Two Beliefs That Steal an Empath’s Power

I started writing this post several weeks ago, but I couldn’t quite bring myself to post it. I worried it would come off as negative at a time when the world needs more positivity. Plus, it left me feeling a bit vulnerable and exposed, as it shares painful details of my past.

I awoke this morning with a new perspective. Today is the full moon in Aries – a powerful time for release and the completion of old cycles. Its potent energy can help us banish beliefs that don’t serve us well.

Banish the Beliefs That Steal Your Power

As a sensitive empath, who feels emotions deeply, two very common societal and spiritual beliefs have caused me great harm. By recently dismantling these false beliefs, I have been able to protect my energy, regain my self-worth, and fill my life with more love and joy. I hope these new perspectives will help you too.   

#False Belief 1 – People Can’t Make You Feel Anything

“No one can make you feel inferior without your consent.”Eleanor Roosevelt

The first time I read the quote above I felt a sense of freedom. As I thought about it more, however, feelings of guilt and shame arose.

The notion that I was the root cause of all my feelings of insecurity or self-doubt was both liberating and nauseating. If that were true, then supposedly I had the power to be confident, happy, and in control of my circumstances, all the time.

You mean to tell me that all the years of unreasonable, hypocritical standards, criticism, and unwarranted blame that I have experienced in my career and personal relationships were all my fault? I have been sad, anxious, and hurt without any reason at all?

Anyone with even a modicum of empathy for the human condition can recognize that’s absurd. People can and do make us feel. ALL. THE. TIME. It’s called bullying and manipulation and it’s insidious in our culture. Narcissists, sociopaths, and others with personality disorders are masters at these tactics. They lack empathy and morals, which means they are playing by a completely different set of rules from most empathic and sensitive people. Caitlin Johnstone sums this up well, “Manipulators would love you to think that it’s your fault for allowing yourself to be manipulated, but that’s just another manipulation isn’t it?” [article]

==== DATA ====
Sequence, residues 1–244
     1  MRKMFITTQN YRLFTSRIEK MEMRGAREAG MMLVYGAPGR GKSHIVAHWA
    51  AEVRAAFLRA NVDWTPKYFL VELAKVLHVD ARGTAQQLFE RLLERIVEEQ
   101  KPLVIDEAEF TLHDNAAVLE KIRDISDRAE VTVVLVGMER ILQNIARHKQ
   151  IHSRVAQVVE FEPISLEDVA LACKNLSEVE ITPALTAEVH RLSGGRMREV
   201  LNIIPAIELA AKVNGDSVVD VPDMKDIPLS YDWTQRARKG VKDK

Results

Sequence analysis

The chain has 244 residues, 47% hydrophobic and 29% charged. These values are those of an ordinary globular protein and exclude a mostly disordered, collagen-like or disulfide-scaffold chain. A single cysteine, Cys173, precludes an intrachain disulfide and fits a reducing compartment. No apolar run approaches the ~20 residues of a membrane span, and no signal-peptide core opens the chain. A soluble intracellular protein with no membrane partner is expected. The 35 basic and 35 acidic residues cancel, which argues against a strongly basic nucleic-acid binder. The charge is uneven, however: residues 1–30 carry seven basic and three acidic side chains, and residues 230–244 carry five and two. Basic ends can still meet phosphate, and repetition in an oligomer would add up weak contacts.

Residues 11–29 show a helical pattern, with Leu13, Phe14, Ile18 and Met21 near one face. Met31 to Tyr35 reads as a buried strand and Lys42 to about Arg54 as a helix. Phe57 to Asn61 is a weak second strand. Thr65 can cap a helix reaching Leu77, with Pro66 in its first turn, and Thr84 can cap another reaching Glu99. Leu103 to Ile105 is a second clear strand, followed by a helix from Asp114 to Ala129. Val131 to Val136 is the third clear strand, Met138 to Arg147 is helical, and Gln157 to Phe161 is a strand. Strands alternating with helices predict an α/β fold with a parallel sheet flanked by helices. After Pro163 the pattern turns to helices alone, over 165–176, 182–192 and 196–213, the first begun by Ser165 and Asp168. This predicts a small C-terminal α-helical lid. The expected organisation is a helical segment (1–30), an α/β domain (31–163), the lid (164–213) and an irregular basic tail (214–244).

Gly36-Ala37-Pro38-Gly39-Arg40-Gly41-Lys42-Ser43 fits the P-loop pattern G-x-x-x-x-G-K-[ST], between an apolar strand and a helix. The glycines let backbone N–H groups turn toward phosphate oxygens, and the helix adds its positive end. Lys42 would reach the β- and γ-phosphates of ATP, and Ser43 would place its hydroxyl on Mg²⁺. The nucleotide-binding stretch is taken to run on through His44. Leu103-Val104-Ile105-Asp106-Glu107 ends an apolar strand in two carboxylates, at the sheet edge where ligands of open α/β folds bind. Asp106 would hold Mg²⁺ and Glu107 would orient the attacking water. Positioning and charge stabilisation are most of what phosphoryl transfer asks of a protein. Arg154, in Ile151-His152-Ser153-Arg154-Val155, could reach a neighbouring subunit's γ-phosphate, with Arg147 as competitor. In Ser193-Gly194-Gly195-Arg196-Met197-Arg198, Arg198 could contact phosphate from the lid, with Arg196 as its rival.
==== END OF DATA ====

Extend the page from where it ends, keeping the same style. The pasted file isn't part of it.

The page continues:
Roosevelt’s quote may have made sense in her time, when more people embraced the Golden Rule. However, we don’t live in that world anymore. The sooner sensitive, conscientious people recognize that, the healthier we will be.

The only way I have finally been able to reclaim my self-esteem and what little power I have, has been to fully accept that there are people who don’t have my best interest at heart and never will. They will attempt to hurt me regardless of my consent.      

Empaths* – those who feel others’ energy – have an added level of challenge. Feelings and energy attach to us like a sponge. Empaths don’t always have consent over what comes our way, not at first at least. That is actually one of the core aspects of being an empath. We’re often knocked out energetically by the negative feelings, thoughts, and emotions of those around us without even realizing it. The last thing an empath needs is to be shamed or judged for our feelings when a large percentage of them aren’t even ours!

False Belief #2 – People Aren’t Toxic

“Before you diagnose yourself with depression or low self-esteem, first make sure that you are not, in fact, just surrounded by assholes.”William Gibson

For a long time I was truly surrounded by assholes. This quote from Gibson was a source of support amidst the platitudes that “people are not toxic” and that it is unkind and unspiritual to maintain that belief. My previous belief that people are inherently good and never intentionally harm others kept me tethered to abusive relationships for decades.

In my 20s and 30s, I had a lot of what I would call “frenemies.” They were people who pretended to be my friends, smiling in my face as they dug a knife deeply into my back. Sadly, I was married to one of those people. He often put me down or belittled my beliefs. Even worse, when someone would say or do something to me that was cruel, he would jump to their defense and say that I was overreacting. He repeatedly told me I was too sensitive and that all the problems in our marriage were my fault.